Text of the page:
U.S. stocks dropped sharply on Monday, marking the fifth consecutive week of losses for all three major U.S. stock indexes. The Dow declined 1.5%. Meanwhile, the S&P 500 fell 2.4%. The Nasdaq Composite dropped roughly 3.2%. The 10-year Treasury note hit 3.19%, its highest yield since late 2018.
“The Ukraine war, a global energy shock and the risk the Fed tries to fight the supply-driven inflation have sparked a reassessment of macro scenarios among market participants,” Blackrock analysts wrote in a note Monday morning. “We also see little chance of a perfect economic scenario of low inflation and growth humming along.”
But while the S&P 500 fell to a new 52-week low and as investors and analyst brace for a recession, grains historically have low correlations to the S&P 500. Demonstrating this point, as the S&P 500 has been down 16.79% since the beginning of the year, the Teucrium Wheat Fund (WEAT ) has gained nearly 46% year-to-date.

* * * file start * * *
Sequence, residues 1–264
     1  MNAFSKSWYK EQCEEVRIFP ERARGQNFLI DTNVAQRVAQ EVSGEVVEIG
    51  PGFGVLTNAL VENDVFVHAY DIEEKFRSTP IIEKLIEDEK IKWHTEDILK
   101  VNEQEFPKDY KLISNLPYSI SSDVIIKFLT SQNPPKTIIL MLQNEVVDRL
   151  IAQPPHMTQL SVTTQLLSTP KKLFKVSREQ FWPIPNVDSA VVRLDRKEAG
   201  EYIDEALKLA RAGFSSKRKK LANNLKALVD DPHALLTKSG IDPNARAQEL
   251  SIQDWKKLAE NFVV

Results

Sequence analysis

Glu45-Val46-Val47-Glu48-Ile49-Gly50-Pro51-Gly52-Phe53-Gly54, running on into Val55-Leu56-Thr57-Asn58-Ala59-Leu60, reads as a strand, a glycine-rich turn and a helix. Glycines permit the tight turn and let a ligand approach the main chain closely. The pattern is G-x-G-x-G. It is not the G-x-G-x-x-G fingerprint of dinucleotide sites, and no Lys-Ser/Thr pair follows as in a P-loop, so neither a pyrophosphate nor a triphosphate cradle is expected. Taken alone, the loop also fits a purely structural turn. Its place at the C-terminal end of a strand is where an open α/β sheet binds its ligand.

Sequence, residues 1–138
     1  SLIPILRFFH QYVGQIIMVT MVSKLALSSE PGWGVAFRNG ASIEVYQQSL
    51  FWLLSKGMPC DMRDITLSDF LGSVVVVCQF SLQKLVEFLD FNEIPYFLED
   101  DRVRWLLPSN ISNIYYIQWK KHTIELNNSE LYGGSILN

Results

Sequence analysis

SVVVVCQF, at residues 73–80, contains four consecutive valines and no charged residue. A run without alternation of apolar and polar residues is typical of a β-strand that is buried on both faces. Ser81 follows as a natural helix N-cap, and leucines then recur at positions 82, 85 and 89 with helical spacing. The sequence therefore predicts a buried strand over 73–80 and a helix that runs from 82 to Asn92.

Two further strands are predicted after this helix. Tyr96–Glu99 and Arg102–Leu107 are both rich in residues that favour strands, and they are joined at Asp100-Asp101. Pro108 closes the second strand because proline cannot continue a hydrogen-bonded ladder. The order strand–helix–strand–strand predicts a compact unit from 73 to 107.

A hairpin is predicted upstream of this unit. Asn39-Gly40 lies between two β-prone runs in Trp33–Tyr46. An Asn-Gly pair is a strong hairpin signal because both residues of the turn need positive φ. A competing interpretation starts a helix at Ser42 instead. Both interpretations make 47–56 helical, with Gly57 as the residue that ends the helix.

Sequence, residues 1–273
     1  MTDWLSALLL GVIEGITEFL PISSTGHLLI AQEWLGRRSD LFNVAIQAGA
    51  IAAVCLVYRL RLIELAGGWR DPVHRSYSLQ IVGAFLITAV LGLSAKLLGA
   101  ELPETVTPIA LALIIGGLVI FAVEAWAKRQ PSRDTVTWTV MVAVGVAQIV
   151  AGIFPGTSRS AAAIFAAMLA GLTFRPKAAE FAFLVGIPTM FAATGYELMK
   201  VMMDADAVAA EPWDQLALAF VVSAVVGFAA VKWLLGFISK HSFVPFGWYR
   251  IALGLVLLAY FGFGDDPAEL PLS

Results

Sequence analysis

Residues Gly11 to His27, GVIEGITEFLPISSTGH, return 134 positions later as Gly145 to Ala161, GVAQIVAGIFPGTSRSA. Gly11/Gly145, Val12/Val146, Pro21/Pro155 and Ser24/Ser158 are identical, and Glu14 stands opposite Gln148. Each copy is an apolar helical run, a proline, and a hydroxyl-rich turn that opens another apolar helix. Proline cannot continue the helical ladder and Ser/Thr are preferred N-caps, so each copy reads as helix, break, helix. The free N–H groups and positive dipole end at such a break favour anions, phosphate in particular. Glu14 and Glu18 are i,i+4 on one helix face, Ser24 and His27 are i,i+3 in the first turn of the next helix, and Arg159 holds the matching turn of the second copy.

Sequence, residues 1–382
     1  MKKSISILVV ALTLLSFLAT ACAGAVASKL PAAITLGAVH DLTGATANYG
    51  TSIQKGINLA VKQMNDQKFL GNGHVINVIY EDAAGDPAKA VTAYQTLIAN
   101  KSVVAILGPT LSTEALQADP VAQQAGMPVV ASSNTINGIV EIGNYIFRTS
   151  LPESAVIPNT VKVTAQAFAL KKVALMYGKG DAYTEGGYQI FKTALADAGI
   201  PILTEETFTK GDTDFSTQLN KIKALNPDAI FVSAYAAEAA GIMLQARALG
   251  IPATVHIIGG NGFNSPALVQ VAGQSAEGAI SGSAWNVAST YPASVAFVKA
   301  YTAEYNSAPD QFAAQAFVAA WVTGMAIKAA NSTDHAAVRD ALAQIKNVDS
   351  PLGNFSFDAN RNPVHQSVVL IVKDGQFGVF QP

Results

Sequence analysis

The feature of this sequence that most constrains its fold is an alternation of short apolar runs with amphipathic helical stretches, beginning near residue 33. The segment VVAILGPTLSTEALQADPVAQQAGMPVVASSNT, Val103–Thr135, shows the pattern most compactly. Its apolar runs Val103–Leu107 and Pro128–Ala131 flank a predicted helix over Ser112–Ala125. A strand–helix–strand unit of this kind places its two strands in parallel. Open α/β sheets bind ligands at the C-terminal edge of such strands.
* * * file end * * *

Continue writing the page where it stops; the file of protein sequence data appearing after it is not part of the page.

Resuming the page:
WEAT offers exposure to wheat futures contracts. Because the underlying index consists of wheat futures contracts, factors such as the slope of the futures curve and the current level of interest rates will impact the performance of WEAT.
One distinguishing factor of WEAT is the structure of its underlying holdings: instead of concentrating holdings in front month futures, WEAT spreads futures contracts across multiple maturities. That is done with the objective of minimizing the impact of contango on bottom line returns.
Like many exchange-traded commodity products, WEAT should not be expected to deliver exposure to spot wheat prices.
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